There would be a major crisis of teacher shortages, highly resistant to conventional policy responses. It is triggered by a rapidly ageing profession, exacerbated by low teacher morale and buoyant opportunities in more attractive graduate jobs. The large size of the teaching force makes improvements in relative attractiveness costly, with long lead times for measures to show tangible results on overall numbers. Wide disparities in the depth of the crisis by socio-geographic, as well as subject, area. Very different outcomes could follow: at one extreme, a vicious circle of retrenchment and conflict; at the other, emergency strategies spur radical innovation and collective change.

  • Learning and organisation: Where teacher shortages are acute they have detrimental effects on student learning. Widely different organisational responses to shortages - some traditional, some highly innovative - and possibly greater use of ICT.
  • Management and governance: Crisis management predominates. Even in areas saved the worst difficulties, a fortress mentality prevails. National authorities are initially strengthened, acquiring extended powers in the face of crisis, but weakened the longer crises remain unresolved. A competitive international teaching market develops apace.
  • Resources and infrastructure: As the crisis takes hold, funds flow increasingly into salaries to attract more teachers, with possible detrimental consequences for investments in areas such as ICT and physical infrastructure. Whether these imbalances would be rectified depends on strategies adopted to escape "meltdown"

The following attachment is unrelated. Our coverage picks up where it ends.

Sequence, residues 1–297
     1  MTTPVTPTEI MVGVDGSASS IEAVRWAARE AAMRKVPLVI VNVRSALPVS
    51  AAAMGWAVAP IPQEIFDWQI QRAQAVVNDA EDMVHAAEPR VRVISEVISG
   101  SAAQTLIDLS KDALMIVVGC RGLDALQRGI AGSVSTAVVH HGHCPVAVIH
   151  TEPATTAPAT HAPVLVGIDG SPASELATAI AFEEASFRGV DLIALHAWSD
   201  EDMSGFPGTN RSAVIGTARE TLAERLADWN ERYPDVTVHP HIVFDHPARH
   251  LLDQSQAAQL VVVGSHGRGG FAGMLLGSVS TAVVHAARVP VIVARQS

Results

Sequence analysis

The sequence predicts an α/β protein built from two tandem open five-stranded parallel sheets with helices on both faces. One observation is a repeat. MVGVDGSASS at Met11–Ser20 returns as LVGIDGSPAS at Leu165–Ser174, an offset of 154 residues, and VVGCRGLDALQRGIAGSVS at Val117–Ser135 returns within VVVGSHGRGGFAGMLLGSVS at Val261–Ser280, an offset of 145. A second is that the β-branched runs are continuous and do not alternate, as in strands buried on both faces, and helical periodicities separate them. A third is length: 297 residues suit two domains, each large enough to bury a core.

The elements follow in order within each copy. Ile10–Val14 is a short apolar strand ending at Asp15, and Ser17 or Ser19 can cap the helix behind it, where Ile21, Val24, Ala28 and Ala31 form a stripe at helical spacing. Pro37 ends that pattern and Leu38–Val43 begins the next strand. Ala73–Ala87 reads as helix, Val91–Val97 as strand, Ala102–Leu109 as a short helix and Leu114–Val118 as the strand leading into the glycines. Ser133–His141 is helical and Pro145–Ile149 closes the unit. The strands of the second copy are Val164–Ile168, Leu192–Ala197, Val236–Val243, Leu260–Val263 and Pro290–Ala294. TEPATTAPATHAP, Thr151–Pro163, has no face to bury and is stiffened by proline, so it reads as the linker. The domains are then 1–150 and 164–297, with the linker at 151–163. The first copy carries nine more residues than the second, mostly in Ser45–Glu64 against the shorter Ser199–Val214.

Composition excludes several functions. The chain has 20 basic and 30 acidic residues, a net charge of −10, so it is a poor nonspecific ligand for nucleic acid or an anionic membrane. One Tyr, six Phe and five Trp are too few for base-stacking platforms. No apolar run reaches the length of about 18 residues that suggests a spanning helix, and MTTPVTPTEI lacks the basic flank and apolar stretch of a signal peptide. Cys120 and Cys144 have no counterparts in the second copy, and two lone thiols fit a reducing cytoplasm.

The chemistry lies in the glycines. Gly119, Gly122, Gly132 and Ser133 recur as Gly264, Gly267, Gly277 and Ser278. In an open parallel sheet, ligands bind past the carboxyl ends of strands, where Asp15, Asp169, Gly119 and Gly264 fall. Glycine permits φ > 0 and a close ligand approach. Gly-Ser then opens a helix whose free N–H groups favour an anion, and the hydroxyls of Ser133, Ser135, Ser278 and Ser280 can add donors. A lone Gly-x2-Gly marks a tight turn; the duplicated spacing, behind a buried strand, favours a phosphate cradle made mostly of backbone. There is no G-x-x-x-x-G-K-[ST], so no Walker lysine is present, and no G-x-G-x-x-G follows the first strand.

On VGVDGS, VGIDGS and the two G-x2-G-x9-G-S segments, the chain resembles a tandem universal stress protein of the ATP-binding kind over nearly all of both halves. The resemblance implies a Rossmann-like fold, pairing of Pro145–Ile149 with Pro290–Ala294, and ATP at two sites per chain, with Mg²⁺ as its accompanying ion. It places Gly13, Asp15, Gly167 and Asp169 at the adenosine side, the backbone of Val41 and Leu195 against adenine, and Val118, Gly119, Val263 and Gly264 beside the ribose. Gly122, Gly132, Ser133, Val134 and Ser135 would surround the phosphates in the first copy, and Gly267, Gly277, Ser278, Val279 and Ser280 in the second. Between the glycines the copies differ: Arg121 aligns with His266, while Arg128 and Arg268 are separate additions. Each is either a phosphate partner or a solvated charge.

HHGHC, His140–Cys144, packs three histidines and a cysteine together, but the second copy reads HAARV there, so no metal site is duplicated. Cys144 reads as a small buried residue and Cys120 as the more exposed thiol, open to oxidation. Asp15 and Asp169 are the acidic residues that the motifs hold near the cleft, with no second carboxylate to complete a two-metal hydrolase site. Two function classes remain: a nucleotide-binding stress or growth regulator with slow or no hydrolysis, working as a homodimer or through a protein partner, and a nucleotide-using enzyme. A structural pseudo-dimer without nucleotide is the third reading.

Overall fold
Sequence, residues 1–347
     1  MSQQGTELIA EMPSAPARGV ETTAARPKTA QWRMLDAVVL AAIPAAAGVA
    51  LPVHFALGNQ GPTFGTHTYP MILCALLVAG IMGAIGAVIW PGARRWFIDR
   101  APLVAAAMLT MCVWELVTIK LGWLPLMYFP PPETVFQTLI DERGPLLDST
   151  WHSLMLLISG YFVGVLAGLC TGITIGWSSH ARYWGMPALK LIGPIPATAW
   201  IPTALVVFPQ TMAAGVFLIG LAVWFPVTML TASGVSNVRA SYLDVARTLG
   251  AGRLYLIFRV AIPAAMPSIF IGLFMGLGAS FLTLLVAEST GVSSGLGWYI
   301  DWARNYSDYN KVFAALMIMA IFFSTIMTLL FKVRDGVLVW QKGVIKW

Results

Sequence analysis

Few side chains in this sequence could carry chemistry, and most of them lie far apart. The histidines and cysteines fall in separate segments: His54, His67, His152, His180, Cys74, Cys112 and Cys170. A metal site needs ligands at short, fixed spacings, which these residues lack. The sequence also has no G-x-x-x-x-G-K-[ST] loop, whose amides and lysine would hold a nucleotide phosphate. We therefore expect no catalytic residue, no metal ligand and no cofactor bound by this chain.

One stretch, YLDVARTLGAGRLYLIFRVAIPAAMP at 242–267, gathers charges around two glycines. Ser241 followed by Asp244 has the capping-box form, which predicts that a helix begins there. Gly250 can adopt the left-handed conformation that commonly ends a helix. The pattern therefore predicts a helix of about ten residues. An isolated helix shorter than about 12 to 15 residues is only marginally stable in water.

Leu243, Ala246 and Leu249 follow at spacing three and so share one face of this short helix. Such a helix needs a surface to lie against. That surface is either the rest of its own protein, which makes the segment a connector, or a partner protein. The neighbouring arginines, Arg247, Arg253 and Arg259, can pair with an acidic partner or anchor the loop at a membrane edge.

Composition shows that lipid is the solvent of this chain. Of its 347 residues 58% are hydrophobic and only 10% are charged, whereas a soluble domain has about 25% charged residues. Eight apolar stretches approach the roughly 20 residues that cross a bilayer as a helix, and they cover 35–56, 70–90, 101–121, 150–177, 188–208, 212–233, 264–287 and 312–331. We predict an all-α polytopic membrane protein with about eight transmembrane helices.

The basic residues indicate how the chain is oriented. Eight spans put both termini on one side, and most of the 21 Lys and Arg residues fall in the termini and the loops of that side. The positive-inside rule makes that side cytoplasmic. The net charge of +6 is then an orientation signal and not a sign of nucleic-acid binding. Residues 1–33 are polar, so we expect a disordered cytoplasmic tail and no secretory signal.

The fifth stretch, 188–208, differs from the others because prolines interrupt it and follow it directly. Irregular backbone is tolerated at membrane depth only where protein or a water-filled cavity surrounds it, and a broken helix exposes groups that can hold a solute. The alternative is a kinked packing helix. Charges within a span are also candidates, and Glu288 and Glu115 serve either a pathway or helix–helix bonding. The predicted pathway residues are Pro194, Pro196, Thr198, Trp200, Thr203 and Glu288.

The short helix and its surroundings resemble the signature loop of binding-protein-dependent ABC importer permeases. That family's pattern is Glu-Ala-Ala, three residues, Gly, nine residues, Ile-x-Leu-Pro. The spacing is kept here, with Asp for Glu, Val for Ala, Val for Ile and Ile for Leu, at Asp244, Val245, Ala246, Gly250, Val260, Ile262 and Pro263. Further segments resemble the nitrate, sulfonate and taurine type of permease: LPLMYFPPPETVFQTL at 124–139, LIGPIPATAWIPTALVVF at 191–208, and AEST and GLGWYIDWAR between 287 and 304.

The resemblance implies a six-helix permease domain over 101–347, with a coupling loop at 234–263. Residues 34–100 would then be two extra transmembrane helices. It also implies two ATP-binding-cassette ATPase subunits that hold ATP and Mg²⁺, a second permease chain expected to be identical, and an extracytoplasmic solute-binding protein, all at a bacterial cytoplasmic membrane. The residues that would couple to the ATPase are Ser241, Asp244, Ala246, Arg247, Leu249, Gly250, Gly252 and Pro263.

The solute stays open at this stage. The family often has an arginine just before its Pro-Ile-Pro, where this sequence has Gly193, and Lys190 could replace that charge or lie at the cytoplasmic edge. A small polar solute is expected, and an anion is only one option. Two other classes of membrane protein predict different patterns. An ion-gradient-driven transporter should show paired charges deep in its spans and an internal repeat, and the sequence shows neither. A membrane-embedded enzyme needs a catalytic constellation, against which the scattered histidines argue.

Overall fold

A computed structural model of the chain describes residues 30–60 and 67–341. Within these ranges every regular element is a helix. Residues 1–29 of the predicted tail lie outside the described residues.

• Teachers: The crisis, in part caused by teaching's unattractiveness, would worsen with growing shortages, especially in the most affected areas. General teacher rewards could well increase as might the distinctiveness of the teacher corps in reflection of their relative scarcity, though established arrangements may eventually erode with "meltdown".

The "re-schooling" scenarios would see major investments and widespread recognition for schools and their achievements, including towards the professionals, with a high priority accorded to both quality and equity. In Scenario 2.a, the focus is on socialisation goals and schools in communities, in certain contrast with the stronger knowledge orientation of Scenario 2.b.

The school here enjoys widespread recognition as the most effective bulwark against social, family and community fragmentation. It is now heavily defined by collective and community tasks. This leads to extensive shared responsibilities between schools and other community bodies, sources of expertise, and institutions of further and continuing education, shaping not conflicting with high teacher professionalism. Generous levels of financial support needed to meet demanding requirements for quality learning environments in all communities and to ensure elevated esteem for teachers and schools.

  • Learning and organisation: The focus of learning broadens with more explicit attention given to non-cognitive outcomes, values and citizenship. A wide range of organisational forms and settings emerge, with strong emphasis on non-formal learning.